“Every human being of adult years and sound mind has a right to determine what shall be done with his own body . . . .” From Benjamin Cardozo’s early expression of the principle of patient autonomy emerged the doctrine of informed consent, defined by both contract and fiduciary laws and elaborated upon by courts, state and federal legislatures, and professional associations. Later, as the world sought to reassemble itself following the horrors of World War II, the promulgation of the Nuremberg Code established an international standard for the treatment of human research subjects. The experiences of the Nazi atrocities, together with America’s own unfortunate history in human experimentation, provided informal precedent for the courts in their interpretation of informed consent requirements.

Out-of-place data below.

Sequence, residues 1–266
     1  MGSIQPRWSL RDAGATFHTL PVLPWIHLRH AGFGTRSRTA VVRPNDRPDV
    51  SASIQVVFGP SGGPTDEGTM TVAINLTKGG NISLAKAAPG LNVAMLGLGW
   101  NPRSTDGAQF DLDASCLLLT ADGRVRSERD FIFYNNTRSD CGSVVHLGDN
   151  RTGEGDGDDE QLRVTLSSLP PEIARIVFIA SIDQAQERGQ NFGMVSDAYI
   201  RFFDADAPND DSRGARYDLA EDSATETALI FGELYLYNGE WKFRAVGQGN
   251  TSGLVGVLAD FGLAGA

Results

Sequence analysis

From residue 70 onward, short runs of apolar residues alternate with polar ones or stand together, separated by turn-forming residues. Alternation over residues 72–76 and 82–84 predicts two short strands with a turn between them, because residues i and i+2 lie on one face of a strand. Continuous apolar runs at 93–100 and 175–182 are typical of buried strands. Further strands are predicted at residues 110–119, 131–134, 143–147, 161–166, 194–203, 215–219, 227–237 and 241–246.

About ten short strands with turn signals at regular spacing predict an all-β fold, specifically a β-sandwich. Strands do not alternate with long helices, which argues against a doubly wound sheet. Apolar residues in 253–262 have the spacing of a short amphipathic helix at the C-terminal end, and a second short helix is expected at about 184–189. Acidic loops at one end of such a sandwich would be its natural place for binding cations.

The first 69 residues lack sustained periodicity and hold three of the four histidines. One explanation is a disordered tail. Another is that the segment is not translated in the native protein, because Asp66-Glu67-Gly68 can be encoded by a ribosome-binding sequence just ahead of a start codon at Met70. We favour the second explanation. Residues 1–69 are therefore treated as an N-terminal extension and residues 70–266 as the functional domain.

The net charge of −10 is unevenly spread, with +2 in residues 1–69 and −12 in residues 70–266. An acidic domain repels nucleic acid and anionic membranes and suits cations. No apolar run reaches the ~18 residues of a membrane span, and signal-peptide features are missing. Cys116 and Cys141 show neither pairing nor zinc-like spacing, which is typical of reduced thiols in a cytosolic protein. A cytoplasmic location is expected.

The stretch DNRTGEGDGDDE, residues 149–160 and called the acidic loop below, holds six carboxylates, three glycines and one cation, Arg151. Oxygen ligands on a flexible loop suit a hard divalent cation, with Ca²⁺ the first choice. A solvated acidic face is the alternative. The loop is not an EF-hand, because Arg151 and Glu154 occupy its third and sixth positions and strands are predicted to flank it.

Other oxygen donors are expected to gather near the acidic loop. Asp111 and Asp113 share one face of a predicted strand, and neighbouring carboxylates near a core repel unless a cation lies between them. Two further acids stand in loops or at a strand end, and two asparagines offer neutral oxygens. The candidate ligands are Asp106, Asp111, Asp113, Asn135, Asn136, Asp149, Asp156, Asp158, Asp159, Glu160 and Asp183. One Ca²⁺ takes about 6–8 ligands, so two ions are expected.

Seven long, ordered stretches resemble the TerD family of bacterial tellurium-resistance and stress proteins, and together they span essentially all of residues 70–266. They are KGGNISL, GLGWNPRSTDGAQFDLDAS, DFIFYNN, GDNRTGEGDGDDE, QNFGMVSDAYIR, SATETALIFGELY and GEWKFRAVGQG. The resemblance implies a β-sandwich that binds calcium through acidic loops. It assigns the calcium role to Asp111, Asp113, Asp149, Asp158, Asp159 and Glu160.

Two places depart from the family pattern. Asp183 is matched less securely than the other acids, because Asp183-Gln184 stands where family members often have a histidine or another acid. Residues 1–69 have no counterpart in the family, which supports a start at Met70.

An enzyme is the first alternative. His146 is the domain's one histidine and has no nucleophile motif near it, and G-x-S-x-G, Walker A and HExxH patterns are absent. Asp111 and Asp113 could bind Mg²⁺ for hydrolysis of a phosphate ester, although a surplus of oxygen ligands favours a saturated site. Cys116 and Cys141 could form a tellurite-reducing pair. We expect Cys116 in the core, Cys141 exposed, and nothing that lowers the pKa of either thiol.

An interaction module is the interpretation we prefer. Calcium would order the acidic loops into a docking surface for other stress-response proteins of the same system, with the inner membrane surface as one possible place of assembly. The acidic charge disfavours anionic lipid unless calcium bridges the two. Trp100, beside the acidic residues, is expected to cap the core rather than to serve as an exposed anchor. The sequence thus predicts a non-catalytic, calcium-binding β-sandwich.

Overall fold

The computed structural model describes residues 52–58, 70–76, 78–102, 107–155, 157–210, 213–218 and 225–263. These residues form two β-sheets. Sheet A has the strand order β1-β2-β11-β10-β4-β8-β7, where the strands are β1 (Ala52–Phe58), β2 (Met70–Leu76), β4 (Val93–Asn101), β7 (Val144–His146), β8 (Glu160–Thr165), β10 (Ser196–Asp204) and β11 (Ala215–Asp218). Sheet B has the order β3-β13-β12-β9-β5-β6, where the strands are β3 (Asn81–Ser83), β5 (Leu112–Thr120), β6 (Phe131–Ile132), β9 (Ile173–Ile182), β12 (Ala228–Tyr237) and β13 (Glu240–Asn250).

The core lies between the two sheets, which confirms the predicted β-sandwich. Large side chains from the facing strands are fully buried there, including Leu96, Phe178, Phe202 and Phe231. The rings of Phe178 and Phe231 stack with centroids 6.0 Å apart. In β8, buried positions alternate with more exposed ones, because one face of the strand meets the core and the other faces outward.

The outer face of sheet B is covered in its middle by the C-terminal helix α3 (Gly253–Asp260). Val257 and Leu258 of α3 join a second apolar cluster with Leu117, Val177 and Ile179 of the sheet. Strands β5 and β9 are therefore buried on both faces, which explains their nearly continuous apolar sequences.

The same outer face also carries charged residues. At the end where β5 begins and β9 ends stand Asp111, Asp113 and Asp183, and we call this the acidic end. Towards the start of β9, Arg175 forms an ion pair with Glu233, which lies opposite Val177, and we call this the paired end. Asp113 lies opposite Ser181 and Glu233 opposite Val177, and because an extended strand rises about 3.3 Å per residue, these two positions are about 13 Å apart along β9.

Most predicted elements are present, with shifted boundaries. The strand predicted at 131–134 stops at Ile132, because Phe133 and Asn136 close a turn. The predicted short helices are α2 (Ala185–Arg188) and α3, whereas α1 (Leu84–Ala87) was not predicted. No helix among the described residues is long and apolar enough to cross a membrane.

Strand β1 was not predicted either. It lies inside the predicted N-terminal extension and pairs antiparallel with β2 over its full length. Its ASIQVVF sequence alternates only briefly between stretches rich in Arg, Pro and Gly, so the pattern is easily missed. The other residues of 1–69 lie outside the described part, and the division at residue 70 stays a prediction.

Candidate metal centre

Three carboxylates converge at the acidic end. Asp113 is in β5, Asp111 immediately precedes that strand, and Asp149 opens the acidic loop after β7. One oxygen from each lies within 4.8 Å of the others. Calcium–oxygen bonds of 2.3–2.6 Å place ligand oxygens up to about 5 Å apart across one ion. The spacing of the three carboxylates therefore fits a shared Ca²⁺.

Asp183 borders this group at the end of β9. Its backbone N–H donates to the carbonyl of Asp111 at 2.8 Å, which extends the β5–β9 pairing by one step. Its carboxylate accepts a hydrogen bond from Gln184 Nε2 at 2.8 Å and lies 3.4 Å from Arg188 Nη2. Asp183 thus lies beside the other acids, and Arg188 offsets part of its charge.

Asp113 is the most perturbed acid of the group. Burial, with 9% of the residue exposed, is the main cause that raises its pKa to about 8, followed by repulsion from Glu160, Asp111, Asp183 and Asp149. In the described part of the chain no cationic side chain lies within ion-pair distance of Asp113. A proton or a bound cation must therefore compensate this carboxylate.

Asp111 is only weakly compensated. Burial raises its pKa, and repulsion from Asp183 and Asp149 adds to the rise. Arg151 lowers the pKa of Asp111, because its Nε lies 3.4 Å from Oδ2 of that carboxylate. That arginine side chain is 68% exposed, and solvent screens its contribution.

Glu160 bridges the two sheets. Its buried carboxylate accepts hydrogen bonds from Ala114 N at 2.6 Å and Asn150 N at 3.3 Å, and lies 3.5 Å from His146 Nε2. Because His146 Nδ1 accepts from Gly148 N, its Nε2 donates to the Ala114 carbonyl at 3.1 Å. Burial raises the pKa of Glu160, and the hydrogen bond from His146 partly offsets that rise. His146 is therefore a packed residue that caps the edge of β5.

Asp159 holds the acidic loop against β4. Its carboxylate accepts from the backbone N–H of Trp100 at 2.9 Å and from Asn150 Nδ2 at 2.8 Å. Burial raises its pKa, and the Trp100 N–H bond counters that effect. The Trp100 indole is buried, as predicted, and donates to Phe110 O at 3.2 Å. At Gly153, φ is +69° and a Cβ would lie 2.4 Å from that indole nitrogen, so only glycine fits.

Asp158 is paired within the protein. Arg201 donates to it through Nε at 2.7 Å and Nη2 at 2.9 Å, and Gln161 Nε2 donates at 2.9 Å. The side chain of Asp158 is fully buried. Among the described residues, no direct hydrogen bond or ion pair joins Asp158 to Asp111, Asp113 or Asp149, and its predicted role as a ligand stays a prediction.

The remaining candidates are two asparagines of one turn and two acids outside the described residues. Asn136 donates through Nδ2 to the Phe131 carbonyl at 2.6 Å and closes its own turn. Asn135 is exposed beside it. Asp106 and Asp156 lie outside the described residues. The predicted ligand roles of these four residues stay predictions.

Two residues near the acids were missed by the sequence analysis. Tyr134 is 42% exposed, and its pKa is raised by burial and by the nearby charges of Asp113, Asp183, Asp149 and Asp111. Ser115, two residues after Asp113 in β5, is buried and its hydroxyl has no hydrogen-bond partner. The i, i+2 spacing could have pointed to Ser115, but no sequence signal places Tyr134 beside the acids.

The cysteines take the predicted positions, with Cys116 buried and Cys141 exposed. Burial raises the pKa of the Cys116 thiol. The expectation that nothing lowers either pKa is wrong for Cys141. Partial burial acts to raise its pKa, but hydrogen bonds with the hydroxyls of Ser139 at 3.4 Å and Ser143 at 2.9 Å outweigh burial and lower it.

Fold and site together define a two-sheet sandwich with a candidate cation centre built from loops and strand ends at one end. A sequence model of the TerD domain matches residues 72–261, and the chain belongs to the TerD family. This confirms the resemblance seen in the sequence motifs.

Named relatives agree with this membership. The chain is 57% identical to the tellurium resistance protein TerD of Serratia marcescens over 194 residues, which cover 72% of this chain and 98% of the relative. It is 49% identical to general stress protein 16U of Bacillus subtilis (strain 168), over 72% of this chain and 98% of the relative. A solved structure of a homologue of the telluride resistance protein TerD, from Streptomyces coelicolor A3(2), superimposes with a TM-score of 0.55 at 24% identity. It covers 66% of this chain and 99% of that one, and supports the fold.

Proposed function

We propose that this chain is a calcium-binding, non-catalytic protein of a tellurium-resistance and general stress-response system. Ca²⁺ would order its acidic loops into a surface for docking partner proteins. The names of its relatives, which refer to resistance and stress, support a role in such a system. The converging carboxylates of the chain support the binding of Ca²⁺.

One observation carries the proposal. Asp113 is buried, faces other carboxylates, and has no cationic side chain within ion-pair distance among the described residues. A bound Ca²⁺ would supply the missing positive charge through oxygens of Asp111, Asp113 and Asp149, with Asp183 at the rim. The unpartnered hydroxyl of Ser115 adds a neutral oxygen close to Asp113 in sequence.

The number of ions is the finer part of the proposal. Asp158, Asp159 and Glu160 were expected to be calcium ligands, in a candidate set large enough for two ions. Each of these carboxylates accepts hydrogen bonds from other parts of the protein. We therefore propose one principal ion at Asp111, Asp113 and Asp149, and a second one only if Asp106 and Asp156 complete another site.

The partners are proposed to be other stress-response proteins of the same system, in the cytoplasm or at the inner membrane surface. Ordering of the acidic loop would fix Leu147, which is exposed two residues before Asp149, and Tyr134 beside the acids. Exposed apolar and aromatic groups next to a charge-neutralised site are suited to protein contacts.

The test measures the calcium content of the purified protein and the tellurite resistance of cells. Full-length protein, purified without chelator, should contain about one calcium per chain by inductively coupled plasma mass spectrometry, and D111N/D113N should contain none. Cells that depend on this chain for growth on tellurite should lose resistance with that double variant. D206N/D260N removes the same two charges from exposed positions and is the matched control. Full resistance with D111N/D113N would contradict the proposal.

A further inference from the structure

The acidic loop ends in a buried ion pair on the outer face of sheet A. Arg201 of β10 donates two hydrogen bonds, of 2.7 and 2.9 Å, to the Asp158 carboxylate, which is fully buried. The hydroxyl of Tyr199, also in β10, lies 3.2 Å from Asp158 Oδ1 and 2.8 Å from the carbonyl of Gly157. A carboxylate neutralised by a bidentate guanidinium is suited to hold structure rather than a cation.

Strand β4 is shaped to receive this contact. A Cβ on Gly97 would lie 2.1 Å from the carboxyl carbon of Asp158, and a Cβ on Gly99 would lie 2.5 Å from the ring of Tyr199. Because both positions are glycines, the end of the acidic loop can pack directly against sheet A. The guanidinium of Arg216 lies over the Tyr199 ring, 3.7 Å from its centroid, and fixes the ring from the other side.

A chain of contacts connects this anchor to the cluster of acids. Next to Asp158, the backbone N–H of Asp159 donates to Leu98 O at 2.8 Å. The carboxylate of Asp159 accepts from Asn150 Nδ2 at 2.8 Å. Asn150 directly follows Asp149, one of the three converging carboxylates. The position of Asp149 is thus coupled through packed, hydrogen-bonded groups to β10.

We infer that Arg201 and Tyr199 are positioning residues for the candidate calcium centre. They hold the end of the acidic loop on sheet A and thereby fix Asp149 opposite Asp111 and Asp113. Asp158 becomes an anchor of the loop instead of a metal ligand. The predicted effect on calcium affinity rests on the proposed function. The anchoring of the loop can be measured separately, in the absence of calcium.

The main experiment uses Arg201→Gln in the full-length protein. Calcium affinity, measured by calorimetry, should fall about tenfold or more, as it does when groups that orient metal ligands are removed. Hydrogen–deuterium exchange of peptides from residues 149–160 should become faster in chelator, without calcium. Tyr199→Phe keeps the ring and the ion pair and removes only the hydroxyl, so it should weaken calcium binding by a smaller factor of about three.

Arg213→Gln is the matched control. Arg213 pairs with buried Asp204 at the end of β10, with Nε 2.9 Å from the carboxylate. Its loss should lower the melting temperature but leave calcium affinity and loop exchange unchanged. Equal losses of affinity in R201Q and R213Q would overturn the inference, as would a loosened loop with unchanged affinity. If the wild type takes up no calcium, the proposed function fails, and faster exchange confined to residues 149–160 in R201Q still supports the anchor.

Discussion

Learning from the Mistakes of the Past: Disclosure of Financial Conflicts of Interest and Genetic Research,
Rich. J.L. & Tech
Available at: http://scholarship.richmond.edu/jolt/vol11/iss1/5